“Your corporate sponsors (underwriters) pay your salary in part,” replied “Ron Goodman.” “How many of the big Agri-business companies contribute to NPR?”
I then spent irretrievable hours of my life explaining the Chinese wall between the business and news departments, arguing that public media’s special blend of donor dollars, tax dollars and corporate dollars is probably the least corruptible way of funding a news organization that anyone has devised, blah blah blah.
That was dumb of me. The story was self-evidently not a puff piece, and I should have never replied in the first place. All I did was pull the conversation down a rabbit hole that changed no minds and served only my own ego.
I should have remembered to . . .
4. Let the reporting speak for itself
“I tend to say to people, ‘Let the reporting speak for itself,’” said Melody Joy Kramer, NPR’s luminously talented and forward-thinking digital strategist. “I don’t feel like, if you’ve done a good job reporting, you should need to defend your reporting.”
Kramer told me she’s noticed and admired my approach with commenters (she knows who I am, squee!) but had no shortage of critiques for me. Obviously, if someone as relentlessly pro-engagement as Kramer tells me that sometimes I should just shut up and leave it alone, I’ll listen.
After all, not every commenter wants to engage.
“I don’t know that people who comment on articles [necessarily] view their commenting as being part of a dialogue,” she said. “I think they just want to state their thought, put it out there, and I’m guessing that most of those people do not return to those threads. ”
Indeed, Mr. “balz” from the aforementioned example never replied after I rejected his accusation of piece puffery. His was merely a drive-by comment, not worthy of my time or attention.
The more complicated situations are those in which the reporting does not entirely speak for itself.
Obviously, when commenters point out a mistake in your story, you want to thank them and post the correction, posthaste. However, valid criticisms I get in comments more often are complaints about omission.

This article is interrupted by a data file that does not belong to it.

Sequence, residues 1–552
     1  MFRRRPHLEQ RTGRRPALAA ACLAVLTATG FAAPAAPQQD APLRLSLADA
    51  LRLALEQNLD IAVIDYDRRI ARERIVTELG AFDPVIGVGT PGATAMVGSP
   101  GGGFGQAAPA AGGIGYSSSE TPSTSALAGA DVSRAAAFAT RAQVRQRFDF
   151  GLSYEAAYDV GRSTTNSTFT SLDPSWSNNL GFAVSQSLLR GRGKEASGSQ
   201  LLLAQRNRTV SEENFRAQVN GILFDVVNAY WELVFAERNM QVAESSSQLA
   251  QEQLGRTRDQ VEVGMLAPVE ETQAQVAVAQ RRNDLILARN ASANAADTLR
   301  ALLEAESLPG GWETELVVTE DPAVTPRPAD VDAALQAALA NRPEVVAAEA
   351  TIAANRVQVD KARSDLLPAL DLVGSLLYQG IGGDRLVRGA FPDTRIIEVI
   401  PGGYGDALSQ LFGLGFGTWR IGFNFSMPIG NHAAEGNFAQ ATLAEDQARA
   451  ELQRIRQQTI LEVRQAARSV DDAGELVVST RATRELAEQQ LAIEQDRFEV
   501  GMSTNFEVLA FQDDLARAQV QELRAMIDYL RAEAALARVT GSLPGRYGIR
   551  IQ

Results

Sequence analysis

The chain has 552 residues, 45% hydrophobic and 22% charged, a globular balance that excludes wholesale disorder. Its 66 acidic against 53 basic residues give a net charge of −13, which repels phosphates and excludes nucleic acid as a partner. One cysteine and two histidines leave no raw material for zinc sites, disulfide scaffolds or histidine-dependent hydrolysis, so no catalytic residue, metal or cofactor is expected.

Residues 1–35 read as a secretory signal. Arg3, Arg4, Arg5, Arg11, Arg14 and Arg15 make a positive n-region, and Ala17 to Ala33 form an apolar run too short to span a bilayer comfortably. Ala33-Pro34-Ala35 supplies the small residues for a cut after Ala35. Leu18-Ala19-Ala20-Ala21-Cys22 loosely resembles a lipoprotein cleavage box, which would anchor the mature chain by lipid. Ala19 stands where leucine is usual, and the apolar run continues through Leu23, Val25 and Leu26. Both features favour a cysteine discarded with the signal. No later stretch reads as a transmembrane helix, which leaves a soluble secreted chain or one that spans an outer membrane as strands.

In July, I reported on Morning Edition about a gay music teacher at a Catholic school in my city of Macon, Georgia, who lost his job after administrators learned he planned to marry his longtime boyfriend in a state that would allow it.
There were many legal angles to explore, but I focused on the most novel one: The teacher’s lawyer argues that the federal law against gender discrimination also implicitly bans discrimination on the basis of sexual orientation (a fringe theory, though one that is growing in popularity).
Before the story even aired, people took to the comment threads in droves to complain that I hadn’t given sufficient attention to the religious-liberty angle. While I did mention the issue broadly, I did not point out that a 2012 Supreme Court decision arguably exempts religious schools from federal anti-discrimination law.
I replied to each commenter, explaining how a radio magazine show is a pretty constrained medium — we have to make tough decisions about what we include or leave out for time — and why I thought the gender angle was more newsworthy than the religious one. That argument didn’t go over well.
“[O]bviously the chief defense by the religious school is going to be religious freedom,” responded commenter “frank you.” “[S]orry you think our liberties are sooooo boooooring.”
“Frank” and I could have argued all day about whether the issue merited greater inclusion in my radio piece (and we did argue all day, because I violated best practices #5 and #6, see below), but I had no excuse for not acknowledging that recent Supreme Court precedent in my text story online, where space was not an issue.
While NPR’s editorial process is not, in my experience, set up to draw bonus online content from outside reporters like me (NPR editors typically adapt the text piece from the radio script we file, unlike Marketplace, which asks reporters to file webified copy along with their script and sound), we can and should push for the inclusion of extra stuff that we think is important. At least, so says NPR’s Memmott.
“In talking with the editor who’s handling it here, you make clear you’ve got this other available information that might be an interesting build-out on the website,” he said. “Then the discussion becomes, ‘Do we want it, and are we gonna kick you a few extra bucks to go to that extra work?’ And I think that if you make a strong case, we might say, ‘Yeah.’”